Church of Scotland and Islamic Finance Council partnership

By agency reporter
March 23, 2016

The Church of Scotland and Islamic Finance Council UK have announced a partnership to create ethical financial services.

The joint venture will draw on how the Christian and Muslim communities have supported ethical finance in the past and examine the practical commercial viability of new models which can tackle inequality and poverty. This pioneering initiative is the first time the Church and Islamic finance have come together to collaborate and will aim to create solutions open to everyone, regardless of religious or ethnic background.

This initiative has come into being through a shared belief that existing financial institutions have in recent years lost their social conscience. Following the banking crisis of 2008, further ongoing scandals of mis-selling payment protection and interest rate fixing have raised the question if reforms have worked. The Church of Scotland says this is an exciting opportunity for faith groups to work together on solutions which will benefit the whole of society, regardless of faith or belief.

On announcing the project, the R. Rev Dr Angus Morrison, Moderator of the General Assembly of the Church of Scotland, said: "In 2012 the Church of Scotland's special commission on the purpose of economic activity identified human flourishing and the protection of the planet for future generations as two of the most critical purposes for financial interaction. Our current system has gone badly wrong, creating massive inequality and the destruction of our shared natural resources by money-making machines overtaking commerce that serves the common good.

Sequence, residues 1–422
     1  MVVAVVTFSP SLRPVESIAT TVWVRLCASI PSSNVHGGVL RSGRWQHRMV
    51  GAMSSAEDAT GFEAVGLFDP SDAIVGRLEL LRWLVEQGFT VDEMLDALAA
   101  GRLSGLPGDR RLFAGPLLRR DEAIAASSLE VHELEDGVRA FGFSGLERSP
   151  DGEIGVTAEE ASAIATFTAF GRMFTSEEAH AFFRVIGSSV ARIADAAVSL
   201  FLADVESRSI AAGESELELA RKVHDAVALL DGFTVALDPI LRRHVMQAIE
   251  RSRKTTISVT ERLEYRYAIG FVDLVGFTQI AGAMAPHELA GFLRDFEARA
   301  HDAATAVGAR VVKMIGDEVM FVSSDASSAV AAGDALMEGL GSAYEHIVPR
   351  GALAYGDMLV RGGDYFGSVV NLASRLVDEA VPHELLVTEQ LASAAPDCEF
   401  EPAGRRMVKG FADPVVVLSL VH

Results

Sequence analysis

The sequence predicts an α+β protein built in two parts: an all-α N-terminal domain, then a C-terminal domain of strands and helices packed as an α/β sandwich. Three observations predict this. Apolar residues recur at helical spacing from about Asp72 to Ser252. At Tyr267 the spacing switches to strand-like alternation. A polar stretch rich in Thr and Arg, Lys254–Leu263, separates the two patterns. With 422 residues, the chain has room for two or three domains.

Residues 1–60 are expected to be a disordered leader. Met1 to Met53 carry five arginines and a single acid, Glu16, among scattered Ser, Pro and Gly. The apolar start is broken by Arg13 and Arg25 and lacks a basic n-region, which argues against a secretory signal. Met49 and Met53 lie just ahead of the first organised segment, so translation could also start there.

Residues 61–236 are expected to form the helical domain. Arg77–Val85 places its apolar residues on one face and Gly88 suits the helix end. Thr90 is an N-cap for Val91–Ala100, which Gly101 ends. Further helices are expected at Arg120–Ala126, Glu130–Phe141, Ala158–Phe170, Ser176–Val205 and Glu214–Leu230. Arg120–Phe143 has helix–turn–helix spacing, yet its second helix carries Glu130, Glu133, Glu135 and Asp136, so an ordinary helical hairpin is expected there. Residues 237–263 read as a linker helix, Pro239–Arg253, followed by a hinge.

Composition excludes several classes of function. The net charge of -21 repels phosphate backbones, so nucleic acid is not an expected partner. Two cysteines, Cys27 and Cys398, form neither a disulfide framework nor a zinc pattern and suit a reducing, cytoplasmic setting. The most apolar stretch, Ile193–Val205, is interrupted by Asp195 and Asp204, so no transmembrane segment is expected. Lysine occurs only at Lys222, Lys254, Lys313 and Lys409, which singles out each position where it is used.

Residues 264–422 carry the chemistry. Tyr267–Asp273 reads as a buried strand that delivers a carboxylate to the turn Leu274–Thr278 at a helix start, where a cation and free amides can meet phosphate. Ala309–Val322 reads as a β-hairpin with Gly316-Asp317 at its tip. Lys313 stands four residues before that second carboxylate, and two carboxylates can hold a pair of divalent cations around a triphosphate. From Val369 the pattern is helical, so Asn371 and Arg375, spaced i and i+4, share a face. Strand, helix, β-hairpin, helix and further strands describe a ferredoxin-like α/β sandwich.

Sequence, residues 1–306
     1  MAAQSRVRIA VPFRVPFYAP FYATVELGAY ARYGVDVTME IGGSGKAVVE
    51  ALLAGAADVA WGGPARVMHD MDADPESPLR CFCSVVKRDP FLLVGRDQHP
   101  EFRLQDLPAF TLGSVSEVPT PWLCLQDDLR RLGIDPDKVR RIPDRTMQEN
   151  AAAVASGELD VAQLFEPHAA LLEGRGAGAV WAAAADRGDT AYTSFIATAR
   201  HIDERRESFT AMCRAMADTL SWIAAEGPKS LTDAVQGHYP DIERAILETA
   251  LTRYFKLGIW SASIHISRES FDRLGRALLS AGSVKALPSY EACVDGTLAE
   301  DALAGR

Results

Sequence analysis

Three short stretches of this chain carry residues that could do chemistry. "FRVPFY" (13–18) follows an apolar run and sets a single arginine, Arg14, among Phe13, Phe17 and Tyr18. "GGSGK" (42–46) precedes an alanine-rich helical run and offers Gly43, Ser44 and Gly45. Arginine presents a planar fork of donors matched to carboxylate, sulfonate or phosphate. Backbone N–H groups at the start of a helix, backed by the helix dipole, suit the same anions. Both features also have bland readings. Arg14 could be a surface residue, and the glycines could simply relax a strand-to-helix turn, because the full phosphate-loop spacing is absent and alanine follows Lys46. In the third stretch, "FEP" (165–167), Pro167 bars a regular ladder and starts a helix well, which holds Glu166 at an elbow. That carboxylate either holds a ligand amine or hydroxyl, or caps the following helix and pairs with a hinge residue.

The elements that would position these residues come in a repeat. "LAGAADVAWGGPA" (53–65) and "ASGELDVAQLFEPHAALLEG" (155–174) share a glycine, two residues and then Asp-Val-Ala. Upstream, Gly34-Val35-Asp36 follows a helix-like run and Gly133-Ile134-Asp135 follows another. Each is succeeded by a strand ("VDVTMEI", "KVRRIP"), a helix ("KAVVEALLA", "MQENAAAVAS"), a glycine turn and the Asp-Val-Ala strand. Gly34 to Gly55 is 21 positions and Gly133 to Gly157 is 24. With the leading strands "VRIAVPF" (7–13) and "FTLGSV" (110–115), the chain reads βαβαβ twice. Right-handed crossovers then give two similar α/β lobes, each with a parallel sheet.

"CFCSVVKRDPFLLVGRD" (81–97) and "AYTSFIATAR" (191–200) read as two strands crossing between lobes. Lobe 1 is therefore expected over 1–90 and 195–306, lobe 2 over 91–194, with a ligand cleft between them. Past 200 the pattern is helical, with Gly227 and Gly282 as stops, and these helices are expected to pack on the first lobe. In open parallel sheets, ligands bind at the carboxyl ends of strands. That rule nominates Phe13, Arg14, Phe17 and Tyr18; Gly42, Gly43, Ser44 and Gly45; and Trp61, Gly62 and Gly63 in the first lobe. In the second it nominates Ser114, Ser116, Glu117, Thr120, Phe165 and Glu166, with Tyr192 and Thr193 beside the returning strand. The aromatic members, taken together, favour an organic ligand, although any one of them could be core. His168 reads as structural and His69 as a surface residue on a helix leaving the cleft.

"The Christian and Islamic faith traditions share a commitment to economic justice and a call to an equal distribution of the gifts of God. By collaborating and "putting our money where our morals are" we have an opportunity to live out our common values and make a tangible change for those most affected by poverty. Active concern for our communities is an obligation and we look forward to meeting the challenge together."

The Islamic Finance Council UK (UKIFC) is inspired by a commitment to developing a fairer, more responsible finance system. It has been recognised globally for its work in promoting shared values and increasing connectivity between ethical and Islamic finance stakeholders across the UK. For more than five years the UKIFC has been leading the debate on ethical finance through a series of events based in Edinburgh.

UKIFC Advisory Board Member Omar Shaikh said: "In recent years we have developed a strong relationship with the Church of Scotland and this project is a result of that positive engagement and the mutual desire to work collaboratively on a project which brings together the best of our respective faiths. The positive message of faith groups working together presents a beacon of light which we hope can inspire many others across the world.

"Scotland has a proud heritage in ethical finance with the savings bank movement able to trace its origins back to the Rev Henry Duncan of the Church of Scotland. This model was also used as the blueprint for the early Islamic banking attempts in the 1960s, which makes it particularly poignant that this new initiative in being led in Scotland."

The project will research, shortlist, test and then establish a viable ethical finance business solution. The consultation and business plan phase is expected to last a year, with the first workshop to take place in May 2016  in Edinburgh with theological and financial experts coming to Scotland from as far afield as Nigeria, Malaysia and Bahrain.

* Church of Scotland http://www.churchofscotland.org.uk/home

* UKIFC http://www.ukifc.com/

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